First things first. The beauty of Vail Pass is that unlike the local Colorado Ski Resorts, Vail Pass is not covered in “slow zone” signs, “hazard” sticks and “no fun zones.” The U.S. Forest Service has their rules on Vail Pass and as long as you respect their wishes, you basically have your own mountain region to explore and explore we did. In fact, aside from allowing me to do a Timbersled Review, one of our main reasons for choosing today of all days to ride was so that we could check snow depths and make sure Vail Pass Colorado was ready to ride – so we explored every inch.

I’ve guided my fair share of hut trips, rafts, backpacking expeditions etc but those are all on foot and/or water and are based more on survival tactics – not mechanics. In the end, I’m just a computer geek with an art background so I needed some learning put on me. Spencer gave me a full run through no differently than he would for a client. After the initial review of how everything works, the first thing that stood out to me was the reason behind using the Rekluse Cluth System. This is an aftermarket system that essentially alleviates the need to shift using the clutch on the handlebars. Instead, you just let off the gas when you’re ready to click through the gears. This little addition makes all the difference in the world to a novice rider; you instantly remove one more item that you have to think about. Beyond the clutch, what also stood out was the stability of the machine. The Timbersled Mountain Horse Short track is just wide enough to keep the bike upright with very little effort and once you’re in motion, you barely notice that you are riding a dirt bike.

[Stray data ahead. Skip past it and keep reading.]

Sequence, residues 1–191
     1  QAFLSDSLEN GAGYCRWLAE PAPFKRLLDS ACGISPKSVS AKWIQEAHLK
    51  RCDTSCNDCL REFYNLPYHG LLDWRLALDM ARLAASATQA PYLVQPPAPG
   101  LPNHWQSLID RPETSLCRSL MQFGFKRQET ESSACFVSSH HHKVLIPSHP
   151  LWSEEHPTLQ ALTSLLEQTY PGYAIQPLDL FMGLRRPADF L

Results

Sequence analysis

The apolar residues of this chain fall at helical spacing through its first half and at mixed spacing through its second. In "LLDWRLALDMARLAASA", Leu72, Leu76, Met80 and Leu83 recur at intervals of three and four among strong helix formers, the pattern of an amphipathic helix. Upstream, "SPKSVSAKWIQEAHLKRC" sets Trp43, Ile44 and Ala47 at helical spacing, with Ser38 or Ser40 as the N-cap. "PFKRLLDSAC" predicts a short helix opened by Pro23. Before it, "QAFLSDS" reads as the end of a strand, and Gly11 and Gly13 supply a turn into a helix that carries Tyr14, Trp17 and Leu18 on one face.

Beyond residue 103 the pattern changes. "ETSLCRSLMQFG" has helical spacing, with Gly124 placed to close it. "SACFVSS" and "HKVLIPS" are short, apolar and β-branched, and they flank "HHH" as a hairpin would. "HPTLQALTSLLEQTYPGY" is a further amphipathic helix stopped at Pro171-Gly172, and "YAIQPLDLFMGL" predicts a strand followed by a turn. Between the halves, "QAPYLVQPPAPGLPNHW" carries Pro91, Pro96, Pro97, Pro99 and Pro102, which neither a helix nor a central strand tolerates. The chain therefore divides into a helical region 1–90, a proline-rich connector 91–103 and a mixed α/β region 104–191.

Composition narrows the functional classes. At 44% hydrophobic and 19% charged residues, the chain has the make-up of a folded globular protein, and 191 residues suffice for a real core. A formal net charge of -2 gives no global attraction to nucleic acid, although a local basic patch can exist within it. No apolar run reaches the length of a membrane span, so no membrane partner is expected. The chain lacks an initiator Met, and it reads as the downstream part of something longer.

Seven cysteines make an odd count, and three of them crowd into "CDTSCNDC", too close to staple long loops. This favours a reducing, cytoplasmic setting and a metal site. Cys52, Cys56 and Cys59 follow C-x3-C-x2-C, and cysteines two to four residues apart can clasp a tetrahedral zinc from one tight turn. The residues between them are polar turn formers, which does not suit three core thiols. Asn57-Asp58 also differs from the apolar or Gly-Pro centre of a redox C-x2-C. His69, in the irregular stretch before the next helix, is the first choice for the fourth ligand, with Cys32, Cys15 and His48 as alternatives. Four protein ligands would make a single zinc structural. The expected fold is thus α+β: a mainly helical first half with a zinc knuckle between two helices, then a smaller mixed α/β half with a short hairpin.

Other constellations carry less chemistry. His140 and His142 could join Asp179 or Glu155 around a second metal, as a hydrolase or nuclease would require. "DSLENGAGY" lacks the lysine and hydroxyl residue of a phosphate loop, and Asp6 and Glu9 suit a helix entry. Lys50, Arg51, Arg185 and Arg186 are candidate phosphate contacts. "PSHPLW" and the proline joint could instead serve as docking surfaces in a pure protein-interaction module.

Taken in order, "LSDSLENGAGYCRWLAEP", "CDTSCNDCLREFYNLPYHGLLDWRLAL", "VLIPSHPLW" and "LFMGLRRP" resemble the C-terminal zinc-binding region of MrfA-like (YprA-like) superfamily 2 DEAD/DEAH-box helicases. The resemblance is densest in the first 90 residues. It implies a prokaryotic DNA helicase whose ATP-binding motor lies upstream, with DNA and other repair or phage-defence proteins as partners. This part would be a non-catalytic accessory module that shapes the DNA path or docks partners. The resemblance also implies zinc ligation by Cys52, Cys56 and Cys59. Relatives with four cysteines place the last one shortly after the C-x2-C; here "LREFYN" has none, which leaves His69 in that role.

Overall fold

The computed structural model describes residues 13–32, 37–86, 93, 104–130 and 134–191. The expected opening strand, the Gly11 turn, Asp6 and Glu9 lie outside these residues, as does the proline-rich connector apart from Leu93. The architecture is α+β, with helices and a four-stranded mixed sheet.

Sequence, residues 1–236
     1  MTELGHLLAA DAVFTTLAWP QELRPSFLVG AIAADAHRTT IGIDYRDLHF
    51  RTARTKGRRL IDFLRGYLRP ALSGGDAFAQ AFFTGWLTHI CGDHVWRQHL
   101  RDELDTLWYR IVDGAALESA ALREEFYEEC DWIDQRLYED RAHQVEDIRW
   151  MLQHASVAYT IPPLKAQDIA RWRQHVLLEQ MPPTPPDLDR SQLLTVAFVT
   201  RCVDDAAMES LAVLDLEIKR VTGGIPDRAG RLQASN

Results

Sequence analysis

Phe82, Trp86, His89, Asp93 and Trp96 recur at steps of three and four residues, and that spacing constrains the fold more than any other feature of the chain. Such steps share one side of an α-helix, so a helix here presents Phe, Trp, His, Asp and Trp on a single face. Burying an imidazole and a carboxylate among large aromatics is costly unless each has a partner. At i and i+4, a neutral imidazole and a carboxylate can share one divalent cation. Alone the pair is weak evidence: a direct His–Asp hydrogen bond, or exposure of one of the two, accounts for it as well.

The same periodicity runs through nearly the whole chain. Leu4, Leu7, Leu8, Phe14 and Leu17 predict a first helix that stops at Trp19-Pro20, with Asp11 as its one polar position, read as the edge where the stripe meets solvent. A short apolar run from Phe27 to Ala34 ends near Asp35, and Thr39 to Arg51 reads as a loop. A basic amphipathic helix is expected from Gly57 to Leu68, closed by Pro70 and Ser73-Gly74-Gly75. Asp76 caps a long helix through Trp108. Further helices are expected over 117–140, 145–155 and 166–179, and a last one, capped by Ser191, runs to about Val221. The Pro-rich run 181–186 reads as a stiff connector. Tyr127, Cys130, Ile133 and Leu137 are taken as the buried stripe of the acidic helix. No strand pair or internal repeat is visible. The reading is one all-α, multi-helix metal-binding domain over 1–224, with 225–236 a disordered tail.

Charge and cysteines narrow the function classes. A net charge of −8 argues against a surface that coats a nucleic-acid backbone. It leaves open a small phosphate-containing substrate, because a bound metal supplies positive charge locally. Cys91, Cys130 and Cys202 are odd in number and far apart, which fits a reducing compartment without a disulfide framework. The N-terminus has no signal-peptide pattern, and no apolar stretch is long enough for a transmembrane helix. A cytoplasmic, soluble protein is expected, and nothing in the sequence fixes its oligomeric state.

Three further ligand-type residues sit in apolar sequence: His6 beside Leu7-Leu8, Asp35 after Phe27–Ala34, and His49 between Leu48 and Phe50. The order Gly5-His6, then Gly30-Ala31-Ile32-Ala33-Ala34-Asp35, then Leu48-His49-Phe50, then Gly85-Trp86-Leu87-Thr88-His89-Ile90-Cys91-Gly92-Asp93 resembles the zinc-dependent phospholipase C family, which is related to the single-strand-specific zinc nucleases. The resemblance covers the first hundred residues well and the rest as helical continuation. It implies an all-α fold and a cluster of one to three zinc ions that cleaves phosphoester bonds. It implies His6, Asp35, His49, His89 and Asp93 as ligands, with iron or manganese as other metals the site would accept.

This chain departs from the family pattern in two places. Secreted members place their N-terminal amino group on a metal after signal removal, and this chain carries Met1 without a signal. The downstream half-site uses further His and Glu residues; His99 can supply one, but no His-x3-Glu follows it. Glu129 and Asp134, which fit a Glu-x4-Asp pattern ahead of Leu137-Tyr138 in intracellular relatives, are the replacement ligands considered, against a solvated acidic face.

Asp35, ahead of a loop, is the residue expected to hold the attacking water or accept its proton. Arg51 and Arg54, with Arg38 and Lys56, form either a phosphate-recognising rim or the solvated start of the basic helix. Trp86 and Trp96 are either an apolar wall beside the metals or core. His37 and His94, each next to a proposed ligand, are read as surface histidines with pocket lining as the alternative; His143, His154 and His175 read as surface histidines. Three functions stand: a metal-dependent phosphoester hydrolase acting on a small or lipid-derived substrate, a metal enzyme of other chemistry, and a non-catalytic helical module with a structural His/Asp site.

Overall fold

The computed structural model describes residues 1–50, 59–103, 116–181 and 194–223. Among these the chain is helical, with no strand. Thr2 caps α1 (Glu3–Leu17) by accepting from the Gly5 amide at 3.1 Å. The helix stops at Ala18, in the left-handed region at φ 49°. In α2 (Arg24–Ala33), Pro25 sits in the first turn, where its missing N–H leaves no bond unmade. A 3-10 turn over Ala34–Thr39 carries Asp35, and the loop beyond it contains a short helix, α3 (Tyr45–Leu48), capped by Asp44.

We rode around on some pack/slightly packed trails just so I could get a hang of the machine and learn how it handles. Again, my experience is on smaller 250’s so the size of the KTM 500 took some getting used to; much taller the Sherpa 250. After a few out and backs, I was feeling fairly confident. We started to venture off into the powder fields on Vail Pass and begin our day of depth inspections.